Doctors SHOULD be allowed to prescribe medicinal cannabis products, declare Government advisers
- Years of fierce campaigning has mounted pressure for legal medicinal cannabis
- The Chief Medical Officer gave the go-ahead to an in-depth review this month
- And now the body behind the review has agreed it does possess benefits
- The Advisory Council on the Misuse of Drugs sent its report to Sajid Javid
Doctors should be allowed to prescribe medicinal cannabis products, Government advisers today declared.
The decision follows years of mounting pressure on officials to legalise the drug medicinally so those battling chronic health conditions can take it without fear of reprisals.
The Chief Medical Officer gave the go-ahead for the second part of an in-depth review into medicinal cannabis in a landmark move earlier this month.
And today the The Advisory Council on the Misuse of Drugs (ACMD) agreed with Dame Sally Davies that it does possess a health benefit.
Dr Owen Bowden-Jones, chair of the ACMD, sent its four-page report directly to Home Secretary Sajid Javid.
He commissioned the review after two high profile cases involving Alfie Dingley, six, and Billy Caldwell, 12, who were denied medicinal cannabis oil to treat their epileptic seizures.
MailOnline understands the Home Office will now imminently approve the use of some medicinal cannabis products. It is not yet clear what they will be, but they are likely to contain THC, the psychoactive compound in cannabis that leads to a high.
The cannabis-based medicines will be placed alongside other controlled substances such as morphine, but recreational cannabis will remain illegal.
However, some experts fear the guidance will ‘disappoint many people who thought they would have easier access to medicinal cannabis’ because the ACDM has not recommended that cannabis-based products could be purchased over-the-counter.
The Advisory Council on the Misuse of Drugs sent its four-page report directly to Home Secretary Sajid Javid
The Chief Medical Officer gave the go-ahead to the second part of an in-depth review into medicinal cannabis in a landmark move earlier this month
MailOnline understands the decision to approve medicinal cannabis is imminent, and it will be placed alongside other controlled substances such as morphine
Ian Hamilton, a drug researcher at York University, told MailOnline that the ACDM is recommending a ‘minor move’.
What does the ACMD recommend?
In its report, the body argued cannabis-based medicines should be moved into Schedule 2 of The Misuse of Drugs Regulations 2001.
Cannabis is currently a Schedule 1 drug, a legal bracket used to define ‘drugs not used medicinally’, such as LSD.
But the ACDM recommends officials place it into Schedule 2, where it would become a controlled substance, such as ketamine and morphine.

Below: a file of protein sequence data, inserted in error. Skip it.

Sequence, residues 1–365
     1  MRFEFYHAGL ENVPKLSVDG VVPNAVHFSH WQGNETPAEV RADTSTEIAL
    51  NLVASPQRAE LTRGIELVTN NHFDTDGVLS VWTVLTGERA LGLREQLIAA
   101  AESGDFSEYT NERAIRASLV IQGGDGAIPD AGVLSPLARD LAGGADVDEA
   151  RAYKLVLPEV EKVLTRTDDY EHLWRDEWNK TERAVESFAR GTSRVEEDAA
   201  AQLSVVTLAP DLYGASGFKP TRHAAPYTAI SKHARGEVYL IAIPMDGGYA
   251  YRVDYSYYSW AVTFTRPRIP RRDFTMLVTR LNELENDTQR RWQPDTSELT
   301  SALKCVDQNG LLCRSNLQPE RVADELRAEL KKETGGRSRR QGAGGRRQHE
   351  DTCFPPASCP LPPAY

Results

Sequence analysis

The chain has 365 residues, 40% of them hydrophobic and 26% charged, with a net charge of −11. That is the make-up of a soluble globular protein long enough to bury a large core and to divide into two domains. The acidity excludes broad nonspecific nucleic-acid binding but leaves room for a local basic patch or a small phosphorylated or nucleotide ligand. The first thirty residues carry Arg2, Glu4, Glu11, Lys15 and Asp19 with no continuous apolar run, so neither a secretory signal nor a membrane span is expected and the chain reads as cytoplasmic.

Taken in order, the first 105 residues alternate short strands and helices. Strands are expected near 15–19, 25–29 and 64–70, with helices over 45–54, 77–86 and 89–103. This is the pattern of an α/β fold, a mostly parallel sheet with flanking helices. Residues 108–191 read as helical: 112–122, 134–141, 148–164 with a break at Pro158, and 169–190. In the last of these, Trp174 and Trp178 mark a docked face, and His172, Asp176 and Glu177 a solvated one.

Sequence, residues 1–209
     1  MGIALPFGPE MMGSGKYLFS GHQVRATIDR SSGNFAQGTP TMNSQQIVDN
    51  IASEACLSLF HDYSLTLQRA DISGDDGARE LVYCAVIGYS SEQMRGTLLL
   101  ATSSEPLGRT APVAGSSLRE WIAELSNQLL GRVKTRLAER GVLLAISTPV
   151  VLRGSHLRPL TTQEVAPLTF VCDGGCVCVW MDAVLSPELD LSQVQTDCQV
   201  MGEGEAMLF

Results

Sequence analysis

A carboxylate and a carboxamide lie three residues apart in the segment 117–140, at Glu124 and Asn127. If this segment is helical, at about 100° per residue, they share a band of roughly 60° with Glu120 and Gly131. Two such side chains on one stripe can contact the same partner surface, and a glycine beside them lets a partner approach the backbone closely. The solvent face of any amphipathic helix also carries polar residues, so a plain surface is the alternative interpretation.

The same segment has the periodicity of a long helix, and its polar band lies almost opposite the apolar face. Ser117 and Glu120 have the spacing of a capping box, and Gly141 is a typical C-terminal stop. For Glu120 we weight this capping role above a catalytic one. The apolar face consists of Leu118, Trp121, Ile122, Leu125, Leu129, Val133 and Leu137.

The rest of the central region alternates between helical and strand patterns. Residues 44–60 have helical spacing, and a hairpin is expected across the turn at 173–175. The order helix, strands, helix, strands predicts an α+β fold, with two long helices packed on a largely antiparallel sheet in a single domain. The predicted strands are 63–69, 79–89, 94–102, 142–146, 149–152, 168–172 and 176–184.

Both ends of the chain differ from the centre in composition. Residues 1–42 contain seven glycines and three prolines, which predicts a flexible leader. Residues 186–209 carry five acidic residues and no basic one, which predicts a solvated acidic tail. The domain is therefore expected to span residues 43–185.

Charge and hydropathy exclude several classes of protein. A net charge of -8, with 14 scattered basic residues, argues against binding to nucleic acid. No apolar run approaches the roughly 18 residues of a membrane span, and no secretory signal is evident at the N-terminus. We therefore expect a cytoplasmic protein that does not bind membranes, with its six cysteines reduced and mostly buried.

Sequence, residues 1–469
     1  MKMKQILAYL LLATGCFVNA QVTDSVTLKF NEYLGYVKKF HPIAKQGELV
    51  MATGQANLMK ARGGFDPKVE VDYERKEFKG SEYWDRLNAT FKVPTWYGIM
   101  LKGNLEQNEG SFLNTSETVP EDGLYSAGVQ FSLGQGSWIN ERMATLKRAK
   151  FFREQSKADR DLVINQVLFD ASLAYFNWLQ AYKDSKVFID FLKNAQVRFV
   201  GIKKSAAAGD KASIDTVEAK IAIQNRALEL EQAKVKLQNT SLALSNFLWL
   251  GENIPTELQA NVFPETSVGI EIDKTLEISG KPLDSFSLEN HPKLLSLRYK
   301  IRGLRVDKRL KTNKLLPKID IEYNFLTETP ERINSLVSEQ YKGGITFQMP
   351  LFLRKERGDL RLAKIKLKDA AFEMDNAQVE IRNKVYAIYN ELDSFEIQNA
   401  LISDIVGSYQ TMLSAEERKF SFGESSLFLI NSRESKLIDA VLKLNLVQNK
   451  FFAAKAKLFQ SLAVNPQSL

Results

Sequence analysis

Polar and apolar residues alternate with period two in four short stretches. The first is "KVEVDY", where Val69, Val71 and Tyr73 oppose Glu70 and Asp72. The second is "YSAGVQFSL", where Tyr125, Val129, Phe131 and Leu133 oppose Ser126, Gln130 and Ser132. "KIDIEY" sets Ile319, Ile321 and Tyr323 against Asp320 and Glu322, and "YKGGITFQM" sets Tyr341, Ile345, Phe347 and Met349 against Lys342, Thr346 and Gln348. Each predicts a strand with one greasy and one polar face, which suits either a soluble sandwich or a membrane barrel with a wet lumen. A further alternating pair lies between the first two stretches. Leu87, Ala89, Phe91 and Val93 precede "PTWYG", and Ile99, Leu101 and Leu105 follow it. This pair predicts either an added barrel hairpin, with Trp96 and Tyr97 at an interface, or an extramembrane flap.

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Advisers called on the Department of Health and Social Care and watchdogs the MHRA to promptly define what a cannabis-derived medicinal product is.
Only then should products meeting this definition be moved into Schedule 2, the ACMD said in its widely-anticipated report.
Mr Hamilton told MailOnline this means doctors are likely to be given an approved list of products that can be dished out.
Dame Sally argued earlier this month it was difficult to defend to decision to keep cannabis as a Schedule 1 drug.
THE 12-YEAR-OLD BOY WHO PROMPTED THE CANNABIS REVIEW
A 12-year-old boy who suffers from a rare form of epilepsy is at the heart of the cannabis oil row that prompted a review into medicinal cannabis.
Billy Caldwell’s mother Charlotte had seven bottles confiscated at Heathrow Airport customs on June 11 after she brought them in from Toronto.
Home Secretary Sajid Javid used his powers to allow Billy access to his medication, but only if he remained in hospital.
And last month the 12-year-old was given a 20-day emergency licence after he was admitted to hospital in a critical condition having suffered multiple seizures.
The Home Office and Chelsea and Westminster Hospital agreed he could go home to Northern Ireland with his medicinal cannabis thanks to a special exemption licence.
Mr Javid revealed he had authorised a licence to be issued for six-year-old Alfie Dingley, after his mother said she had been waiting three months for Prime Minister Theresa May to fulfil a personal assurance that he would be allowed to receive cannabis oil.
Billy Caldwell’s mother Charlotte had seven bottles confiscated at Heathrow Airport customs on June 11 after she brought them in from Toronto
Mr Javid commissioned the review in response to several high profile cases of children being denied medicinal cannabis, including Billy Caldwell, 12 (pictured with his mother Charlotte, who had seven bottles of cannabis oil confiscated at Heathrow Airport customs on June 11)
Cannabis and the law: What are the rules on street drugs and medical treatments?
Cannabis is banned as a Class B drug under the Misuse of Drugs Act 1971.
Conviction for possession can attract a five year prison sentence and an unlimited fine. The penalty for production and dealing can be up to 14 years.
The government does not recognise any ‘medicinal or therapeutic’ benefit from raw cannabis or the active ingredient, THC.
But there are cannabis-based medicinal products which are currently available in the UK.
They include Sativex, which can be used to treat of multiple sclerosis.
Under Home Office rules, any application to administer cannabis-based medicines must be led by a senior clinician and backed by an NHS Trust.
In exceptional circumstances where there is a ‘medical emergency’, the Home Secretary can grant a short-term licence outside of the normal process.
The power had not been used until this weekend, when Sajid Javid authorised cannabis oil for Billy Caldwell.
The Home Office said: ‘Decisions over the length of time emergency licences are granted for are taken on a case by case basis and based on medical advice.’
Ministers announced yesterday that Chief Medical Officer Dame Sally Davis has been asked to establish an expert panel to advise on individual applications to prescribe cannabis-based medicines.
In her report, she said there is now ‘conclusive evidence of the therapeutic benefits of cannabis-based medicinal products’.